The U.S. economy is the most successful in the history of the world. It achieved this success because it is based on the rules of capitalism, in which private ownership dominates markets and individuals reap the rewards of their success. However, for capitalism to work, businesses, including financial firms, must be allowed, or compelled, to compete freely and openly and must be held accountable for their failures. Only under these conditions do markets objectively allocate credit to those businesses that provide the highest value.

For most of our history, the United States held fast to these rules of capitalism. It maintained a relatively open banking and financial system with thousands of banks from small community banks to large global players that allocated credit under this system. As late as 1980, the U.S. banking industry was relatively unconcentrated, with 14,000 commercial banks and the assets of the five largest amounting to 29 percent of total banking organization assets and 14 percent of GDP.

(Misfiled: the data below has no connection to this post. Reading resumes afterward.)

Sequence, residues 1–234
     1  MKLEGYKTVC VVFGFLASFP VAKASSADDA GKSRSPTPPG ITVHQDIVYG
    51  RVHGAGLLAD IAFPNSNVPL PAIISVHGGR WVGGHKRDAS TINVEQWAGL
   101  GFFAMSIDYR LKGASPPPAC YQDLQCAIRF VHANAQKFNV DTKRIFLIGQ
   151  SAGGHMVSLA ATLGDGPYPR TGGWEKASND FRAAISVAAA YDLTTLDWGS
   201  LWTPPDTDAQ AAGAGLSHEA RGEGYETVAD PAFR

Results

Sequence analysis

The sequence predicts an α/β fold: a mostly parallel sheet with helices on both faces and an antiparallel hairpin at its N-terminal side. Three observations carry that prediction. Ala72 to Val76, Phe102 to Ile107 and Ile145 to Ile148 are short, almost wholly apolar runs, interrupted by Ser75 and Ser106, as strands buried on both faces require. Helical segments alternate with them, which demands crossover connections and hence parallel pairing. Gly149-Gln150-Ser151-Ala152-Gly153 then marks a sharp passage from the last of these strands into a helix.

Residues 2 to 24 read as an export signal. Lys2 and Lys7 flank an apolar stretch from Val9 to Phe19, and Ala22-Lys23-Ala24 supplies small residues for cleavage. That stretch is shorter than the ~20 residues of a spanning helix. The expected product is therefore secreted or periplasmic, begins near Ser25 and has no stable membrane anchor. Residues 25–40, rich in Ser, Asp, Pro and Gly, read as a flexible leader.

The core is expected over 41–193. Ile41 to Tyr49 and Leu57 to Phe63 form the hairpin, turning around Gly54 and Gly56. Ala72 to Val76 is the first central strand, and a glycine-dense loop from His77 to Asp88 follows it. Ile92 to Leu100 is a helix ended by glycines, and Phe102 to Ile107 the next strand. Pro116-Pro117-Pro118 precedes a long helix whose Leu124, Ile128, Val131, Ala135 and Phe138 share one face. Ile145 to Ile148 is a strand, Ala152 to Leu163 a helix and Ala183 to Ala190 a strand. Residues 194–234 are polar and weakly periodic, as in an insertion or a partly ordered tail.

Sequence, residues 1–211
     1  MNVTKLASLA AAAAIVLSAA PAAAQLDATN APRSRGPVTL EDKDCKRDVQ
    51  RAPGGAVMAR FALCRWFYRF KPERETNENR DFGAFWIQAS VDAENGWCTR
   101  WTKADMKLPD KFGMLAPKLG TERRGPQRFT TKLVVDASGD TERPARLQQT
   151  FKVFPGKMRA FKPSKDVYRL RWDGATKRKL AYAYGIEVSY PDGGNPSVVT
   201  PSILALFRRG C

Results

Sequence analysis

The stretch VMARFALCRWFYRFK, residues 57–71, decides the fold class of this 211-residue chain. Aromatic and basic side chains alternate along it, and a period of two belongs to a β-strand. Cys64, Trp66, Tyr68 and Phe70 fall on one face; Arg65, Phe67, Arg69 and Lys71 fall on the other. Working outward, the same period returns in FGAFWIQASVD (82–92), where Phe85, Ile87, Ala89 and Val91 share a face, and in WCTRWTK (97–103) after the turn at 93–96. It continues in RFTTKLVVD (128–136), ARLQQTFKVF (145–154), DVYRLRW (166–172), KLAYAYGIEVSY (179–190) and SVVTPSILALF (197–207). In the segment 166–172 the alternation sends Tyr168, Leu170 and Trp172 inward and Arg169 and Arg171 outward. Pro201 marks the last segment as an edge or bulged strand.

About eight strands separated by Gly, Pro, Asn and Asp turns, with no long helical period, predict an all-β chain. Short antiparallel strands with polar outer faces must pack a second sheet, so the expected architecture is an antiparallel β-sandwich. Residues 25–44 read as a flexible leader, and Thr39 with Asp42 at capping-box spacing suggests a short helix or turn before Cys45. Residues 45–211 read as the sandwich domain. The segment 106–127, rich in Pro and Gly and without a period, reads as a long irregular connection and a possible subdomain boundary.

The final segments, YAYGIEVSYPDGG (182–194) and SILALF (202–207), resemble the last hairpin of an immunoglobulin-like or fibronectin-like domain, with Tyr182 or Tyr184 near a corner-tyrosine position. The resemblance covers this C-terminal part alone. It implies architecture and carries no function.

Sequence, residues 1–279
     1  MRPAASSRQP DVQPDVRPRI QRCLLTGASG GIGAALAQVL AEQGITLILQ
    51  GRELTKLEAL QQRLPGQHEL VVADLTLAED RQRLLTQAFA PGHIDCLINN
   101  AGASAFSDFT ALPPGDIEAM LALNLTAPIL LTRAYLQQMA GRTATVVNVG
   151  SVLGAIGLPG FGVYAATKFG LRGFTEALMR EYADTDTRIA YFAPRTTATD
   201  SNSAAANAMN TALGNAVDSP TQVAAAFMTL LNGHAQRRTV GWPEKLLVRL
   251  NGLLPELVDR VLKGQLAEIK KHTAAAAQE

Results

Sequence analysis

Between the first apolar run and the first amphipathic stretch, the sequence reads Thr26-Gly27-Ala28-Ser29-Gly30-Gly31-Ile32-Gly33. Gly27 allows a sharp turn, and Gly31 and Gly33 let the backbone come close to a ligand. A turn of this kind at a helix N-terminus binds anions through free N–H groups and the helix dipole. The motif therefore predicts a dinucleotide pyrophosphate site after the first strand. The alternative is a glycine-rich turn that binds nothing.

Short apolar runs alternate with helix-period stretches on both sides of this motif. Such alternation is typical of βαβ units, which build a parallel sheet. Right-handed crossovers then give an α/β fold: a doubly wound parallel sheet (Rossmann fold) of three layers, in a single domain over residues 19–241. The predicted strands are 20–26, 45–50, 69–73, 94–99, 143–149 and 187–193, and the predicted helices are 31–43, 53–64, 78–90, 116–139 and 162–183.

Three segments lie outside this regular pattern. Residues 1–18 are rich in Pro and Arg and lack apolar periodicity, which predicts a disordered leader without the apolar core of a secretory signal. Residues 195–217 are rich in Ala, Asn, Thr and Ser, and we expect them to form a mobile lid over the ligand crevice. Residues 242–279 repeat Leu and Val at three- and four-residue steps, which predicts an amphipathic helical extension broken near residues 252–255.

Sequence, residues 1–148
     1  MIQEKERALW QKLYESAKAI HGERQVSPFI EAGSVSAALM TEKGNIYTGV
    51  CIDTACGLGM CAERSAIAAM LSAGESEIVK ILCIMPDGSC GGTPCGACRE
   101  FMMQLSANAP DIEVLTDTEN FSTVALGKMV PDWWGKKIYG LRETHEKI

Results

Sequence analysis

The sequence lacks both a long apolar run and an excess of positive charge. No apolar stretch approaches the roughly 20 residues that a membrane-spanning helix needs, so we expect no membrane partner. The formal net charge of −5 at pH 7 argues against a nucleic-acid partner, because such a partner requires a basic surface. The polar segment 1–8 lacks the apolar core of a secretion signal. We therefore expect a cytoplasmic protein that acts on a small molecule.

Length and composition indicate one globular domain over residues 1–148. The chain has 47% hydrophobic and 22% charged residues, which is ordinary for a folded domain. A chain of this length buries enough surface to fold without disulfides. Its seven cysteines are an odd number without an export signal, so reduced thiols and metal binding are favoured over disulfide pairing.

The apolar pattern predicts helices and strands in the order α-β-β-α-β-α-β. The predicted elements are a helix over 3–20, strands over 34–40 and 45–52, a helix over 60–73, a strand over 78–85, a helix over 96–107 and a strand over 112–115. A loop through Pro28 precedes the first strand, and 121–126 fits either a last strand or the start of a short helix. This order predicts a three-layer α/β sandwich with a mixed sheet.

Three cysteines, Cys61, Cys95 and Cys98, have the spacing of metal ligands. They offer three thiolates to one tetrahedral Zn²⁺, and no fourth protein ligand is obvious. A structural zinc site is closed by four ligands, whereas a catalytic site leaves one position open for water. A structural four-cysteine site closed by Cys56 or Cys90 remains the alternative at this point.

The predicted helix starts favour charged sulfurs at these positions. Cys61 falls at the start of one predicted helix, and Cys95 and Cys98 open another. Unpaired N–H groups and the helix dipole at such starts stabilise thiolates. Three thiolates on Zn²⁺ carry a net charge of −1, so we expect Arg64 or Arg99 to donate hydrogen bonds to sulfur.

Today, we have a far more concentrated and less competitive banking system. There are fewer banks operating across the country, and the five largest institutions control more than half of the industry’s assets, which is equal to almost 60 percent of GDP. The largest 20 institutions control 80 percent of the industry’s assets, which amounts to about 86 percent of GDP.

The chart below shows the dramatic extent of this change over the past two decades.

Source: FT.com